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Self-help evictions can backfire on landlords

Sometimes issues come up between landlords and tenants in Tennessee. A landlord may believe the tenant has breached their lease in some fashion. This can be frustrating, and the landlord may wish to retake control of the rental property as quickly as possible. It can be tempting to do this without going through the eviction process as outlined in state law. This is known as a "self-help" eviction.

Self-help evictions may seem like the answer to a problem, but they are often prohibited by state law and could even constitute landlord harassment. The eviction process must be used, no matter what the tenant has done in violation of their lease. Landlords cannot cut the utilities to the property, change the locks to the property, remove the tenant's possessions from the property, demand that the tenant leave the property or in any other way harass threaten the tenant.

If a landlord engages in a self-help eviction rather than going through the appropriate legal processes, it could be considered an illegal removal. This could provide the grounds for the tenant to pursue a lawsuit against the landlord. Other tort actions such as trespass, assault and intentional infliction of emotional distress can accompany an illegal removal. This could spell out big legal trouble for landlords.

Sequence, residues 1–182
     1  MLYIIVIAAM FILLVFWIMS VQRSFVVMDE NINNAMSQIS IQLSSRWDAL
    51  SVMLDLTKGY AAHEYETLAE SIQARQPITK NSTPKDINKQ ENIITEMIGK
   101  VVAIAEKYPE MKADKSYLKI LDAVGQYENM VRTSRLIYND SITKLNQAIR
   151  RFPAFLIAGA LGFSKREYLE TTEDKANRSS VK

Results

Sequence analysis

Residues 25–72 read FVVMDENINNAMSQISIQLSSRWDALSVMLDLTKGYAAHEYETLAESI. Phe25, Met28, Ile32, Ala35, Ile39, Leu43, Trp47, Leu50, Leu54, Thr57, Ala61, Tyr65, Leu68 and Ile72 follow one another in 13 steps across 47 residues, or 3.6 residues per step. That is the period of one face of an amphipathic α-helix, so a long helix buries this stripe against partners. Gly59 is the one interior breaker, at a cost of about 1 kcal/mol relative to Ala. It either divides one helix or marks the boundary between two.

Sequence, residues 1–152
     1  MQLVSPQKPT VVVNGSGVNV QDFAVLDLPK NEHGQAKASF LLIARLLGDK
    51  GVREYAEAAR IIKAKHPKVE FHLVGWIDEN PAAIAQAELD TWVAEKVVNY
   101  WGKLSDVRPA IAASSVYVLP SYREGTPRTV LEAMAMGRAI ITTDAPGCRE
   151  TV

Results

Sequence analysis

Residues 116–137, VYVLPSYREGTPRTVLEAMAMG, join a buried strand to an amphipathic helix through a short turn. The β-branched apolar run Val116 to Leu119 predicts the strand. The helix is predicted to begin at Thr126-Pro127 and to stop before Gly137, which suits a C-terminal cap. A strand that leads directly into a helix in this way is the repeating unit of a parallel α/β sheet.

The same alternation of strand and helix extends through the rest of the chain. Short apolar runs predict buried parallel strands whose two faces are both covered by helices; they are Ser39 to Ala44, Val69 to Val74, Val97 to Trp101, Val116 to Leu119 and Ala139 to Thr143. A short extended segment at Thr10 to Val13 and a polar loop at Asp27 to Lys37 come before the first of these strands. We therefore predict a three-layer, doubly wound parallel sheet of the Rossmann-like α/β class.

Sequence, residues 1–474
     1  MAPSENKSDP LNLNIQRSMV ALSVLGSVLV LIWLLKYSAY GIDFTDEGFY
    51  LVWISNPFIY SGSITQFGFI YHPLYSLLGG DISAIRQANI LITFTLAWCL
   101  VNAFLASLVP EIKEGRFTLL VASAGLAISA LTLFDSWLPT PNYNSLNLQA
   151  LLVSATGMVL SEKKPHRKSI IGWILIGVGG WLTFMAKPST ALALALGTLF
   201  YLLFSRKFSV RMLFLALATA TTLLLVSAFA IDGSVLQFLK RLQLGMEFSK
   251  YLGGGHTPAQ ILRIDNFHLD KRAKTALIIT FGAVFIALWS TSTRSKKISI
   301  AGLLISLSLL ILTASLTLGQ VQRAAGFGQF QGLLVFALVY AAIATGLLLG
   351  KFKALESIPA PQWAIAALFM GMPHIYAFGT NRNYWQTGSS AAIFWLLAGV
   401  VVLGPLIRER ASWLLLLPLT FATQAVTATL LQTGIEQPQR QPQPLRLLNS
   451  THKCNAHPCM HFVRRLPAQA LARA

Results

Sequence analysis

Therefore, landlords who have reason to believe the tenant has breached their lease should go through the legal eviction procedures instead of engaging in a self-help eviction. It is important that all steps in the eviction process are properly taken for the eviction to be lawful. Landlords who are experiencing issues with their tenant and believe the tenant should be evicted should make sure they understand real estate laws regarding evictions in Tennessee before proceeding.

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